It also lost out to ‘Narrative’ bias and got itself re-appropriated as a verification stop gap for the Standard Life bad news story.

It’s the reason why Douglas Fraser has become the latest in a long line of BBC hate figures for McCarthyite crackpots like G.A. Ponseybody at Newsnat Scotland.

In the middle of Fraser’s TV report on Standard Life on the 28th Feb, he quoted S&P in the following manner: “The challenges facing an independent Scotland would be significant but not unsurpassable“.

A wee mention for verification of the potential problems facing an independent Scotland. Nae luck Ponsyebody. Yer tea's oot.

A wee mention for verification of the potential problems facing an independent Scotland. Nae luck Ponsyebody. Yer tea’s oot.

The quote was lifted directly from the last line of Standard and Poors statement – the summary – and it fitted in with both the narrative of the Standard Life story and the ‘immediacy’ of the need for a secondary trusted source.

Simples.

That Fraser then found time in a later radio report to interview Standard & Poor’s Frank Gill, is the proof which dispels Ponseybody’s scurrilous and risible accusation against Fraser of acting as a frontman for Better Together.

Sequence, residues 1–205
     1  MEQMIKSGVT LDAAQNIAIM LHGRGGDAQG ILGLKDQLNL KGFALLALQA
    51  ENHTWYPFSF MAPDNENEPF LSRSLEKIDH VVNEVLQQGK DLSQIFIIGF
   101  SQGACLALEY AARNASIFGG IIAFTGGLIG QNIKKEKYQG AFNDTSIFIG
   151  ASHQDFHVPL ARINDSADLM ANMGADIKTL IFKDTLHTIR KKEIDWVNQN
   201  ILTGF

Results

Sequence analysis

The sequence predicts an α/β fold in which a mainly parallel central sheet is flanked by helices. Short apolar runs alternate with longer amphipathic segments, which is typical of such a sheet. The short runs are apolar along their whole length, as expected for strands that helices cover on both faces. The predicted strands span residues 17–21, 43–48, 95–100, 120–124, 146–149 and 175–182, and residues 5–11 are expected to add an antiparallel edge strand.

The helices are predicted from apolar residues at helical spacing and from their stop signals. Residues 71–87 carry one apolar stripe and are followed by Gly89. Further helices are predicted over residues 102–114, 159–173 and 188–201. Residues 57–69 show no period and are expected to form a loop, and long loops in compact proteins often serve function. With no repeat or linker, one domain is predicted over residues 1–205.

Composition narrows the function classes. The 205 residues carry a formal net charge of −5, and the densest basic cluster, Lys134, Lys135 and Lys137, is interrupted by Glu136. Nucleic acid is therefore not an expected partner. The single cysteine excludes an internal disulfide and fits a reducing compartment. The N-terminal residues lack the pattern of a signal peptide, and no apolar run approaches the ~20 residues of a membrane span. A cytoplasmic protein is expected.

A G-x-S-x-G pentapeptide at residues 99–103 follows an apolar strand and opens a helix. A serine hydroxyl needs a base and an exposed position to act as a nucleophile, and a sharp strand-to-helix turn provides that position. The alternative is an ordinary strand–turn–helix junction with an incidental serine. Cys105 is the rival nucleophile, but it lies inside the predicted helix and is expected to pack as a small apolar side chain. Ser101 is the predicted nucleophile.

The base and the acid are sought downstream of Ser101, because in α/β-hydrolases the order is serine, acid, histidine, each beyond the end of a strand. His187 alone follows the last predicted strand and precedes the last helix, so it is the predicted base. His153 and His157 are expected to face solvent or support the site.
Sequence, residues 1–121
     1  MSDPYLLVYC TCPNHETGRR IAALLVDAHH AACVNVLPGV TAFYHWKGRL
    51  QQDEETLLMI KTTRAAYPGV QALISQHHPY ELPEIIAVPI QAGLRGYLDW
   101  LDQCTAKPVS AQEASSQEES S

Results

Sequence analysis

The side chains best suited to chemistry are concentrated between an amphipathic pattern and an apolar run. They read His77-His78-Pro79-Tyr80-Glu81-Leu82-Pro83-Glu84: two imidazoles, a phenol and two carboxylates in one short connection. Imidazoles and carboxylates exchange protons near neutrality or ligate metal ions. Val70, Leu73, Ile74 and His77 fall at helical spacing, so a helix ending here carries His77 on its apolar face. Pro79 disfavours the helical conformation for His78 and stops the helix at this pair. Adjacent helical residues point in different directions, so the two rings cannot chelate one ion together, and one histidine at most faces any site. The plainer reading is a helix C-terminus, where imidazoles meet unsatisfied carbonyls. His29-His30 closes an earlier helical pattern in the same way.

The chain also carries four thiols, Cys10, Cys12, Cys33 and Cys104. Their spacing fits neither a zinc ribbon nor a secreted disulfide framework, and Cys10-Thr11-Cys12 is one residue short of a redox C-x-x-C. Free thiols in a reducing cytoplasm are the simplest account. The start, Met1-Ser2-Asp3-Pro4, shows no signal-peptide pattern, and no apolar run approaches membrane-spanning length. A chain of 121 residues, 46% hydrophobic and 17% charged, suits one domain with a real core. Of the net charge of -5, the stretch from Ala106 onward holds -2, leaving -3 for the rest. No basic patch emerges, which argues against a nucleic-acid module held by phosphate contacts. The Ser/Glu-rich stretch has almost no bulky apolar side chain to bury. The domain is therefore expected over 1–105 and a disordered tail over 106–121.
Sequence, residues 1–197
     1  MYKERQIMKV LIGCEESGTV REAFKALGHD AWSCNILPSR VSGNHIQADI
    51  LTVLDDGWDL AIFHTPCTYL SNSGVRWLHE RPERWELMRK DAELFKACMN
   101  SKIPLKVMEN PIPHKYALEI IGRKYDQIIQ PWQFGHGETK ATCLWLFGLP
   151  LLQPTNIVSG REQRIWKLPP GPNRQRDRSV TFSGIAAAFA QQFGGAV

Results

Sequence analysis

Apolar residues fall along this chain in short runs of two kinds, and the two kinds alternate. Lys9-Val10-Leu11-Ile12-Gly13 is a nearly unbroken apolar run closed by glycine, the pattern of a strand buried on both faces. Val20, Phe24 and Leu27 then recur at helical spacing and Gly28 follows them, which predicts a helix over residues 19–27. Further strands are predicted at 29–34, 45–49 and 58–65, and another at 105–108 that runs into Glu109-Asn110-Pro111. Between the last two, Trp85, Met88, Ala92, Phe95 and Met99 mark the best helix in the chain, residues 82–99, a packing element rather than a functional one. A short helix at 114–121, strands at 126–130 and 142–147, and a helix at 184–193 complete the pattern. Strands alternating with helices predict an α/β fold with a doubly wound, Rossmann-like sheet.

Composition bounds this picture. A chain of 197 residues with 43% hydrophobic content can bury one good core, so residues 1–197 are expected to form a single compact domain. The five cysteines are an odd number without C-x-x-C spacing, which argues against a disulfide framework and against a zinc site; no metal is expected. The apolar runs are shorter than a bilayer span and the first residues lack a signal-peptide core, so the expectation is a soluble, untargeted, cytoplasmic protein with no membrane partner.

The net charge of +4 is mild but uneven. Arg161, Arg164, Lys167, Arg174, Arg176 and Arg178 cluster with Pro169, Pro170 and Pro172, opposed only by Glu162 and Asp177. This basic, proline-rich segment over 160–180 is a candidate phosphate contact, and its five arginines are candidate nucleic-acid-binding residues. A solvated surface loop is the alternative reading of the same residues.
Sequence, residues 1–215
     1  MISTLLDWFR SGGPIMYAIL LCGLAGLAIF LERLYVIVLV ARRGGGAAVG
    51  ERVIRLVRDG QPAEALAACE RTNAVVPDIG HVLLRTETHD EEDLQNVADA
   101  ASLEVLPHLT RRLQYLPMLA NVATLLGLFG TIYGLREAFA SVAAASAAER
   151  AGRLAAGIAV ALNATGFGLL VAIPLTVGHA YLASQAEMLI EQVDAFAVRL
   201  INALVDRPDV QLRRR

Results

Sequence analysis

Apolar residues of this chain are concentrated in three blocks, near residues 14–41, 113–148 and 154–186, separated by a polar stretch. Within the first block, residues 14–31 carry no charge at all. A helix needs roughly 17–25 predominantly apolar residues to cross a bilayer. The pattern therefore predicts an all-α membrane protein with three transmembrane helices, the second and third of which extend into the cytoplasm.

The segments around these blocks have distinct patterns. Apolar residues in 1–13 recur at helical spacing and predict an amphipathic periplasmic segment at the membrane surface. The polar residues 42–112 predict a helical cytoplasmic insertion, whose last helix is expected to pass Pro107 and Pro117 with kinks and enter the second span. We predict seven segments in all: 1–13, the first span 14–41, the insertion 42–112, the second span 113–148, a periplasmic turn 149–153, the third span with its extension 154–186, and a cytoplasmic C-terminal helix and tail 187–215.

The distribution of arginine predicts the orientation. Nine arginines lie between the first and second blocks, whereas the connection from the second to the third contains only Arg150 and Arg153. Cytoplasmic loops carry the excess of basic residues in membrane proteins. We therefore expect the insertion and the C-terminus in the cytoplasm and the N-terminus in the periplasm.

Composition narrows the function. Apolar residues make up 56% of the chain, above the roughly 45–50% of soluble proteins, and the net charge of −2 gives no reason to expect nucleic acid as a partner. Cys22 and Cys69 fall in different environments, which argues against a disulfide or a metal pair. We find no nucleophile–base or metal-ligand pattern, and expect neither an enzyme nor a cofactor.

This feature, as if it needs said, is basic Media Studies stuff. Its main premise is dealt with more eloquently (and with less of a word count) by the estimable Alex Massie here.

But it begs the question. Just how much understanding do diehard Nationalists actually have of how the modern media works? Why do they seem to think that frothing on the internet on social media and blog sites is part of the independence zeitgeist – part of the alleged indy momentum.

They seem blissfully unaware of how much they are embarrassing themselves, their fellow Scots and, by proxy – given the context – their country.

The existence of sites like Newsnat Scotland and its ilk peddling McCarthyite style stories of Unionists under the metaphorical bed only encourages such idiotic paranoia.

Luckily, websites like Newsnat aren’t taken too seriously. They’re nothing but suppositories/repositories for Nationalist grievance merchants.

Roll on September 18.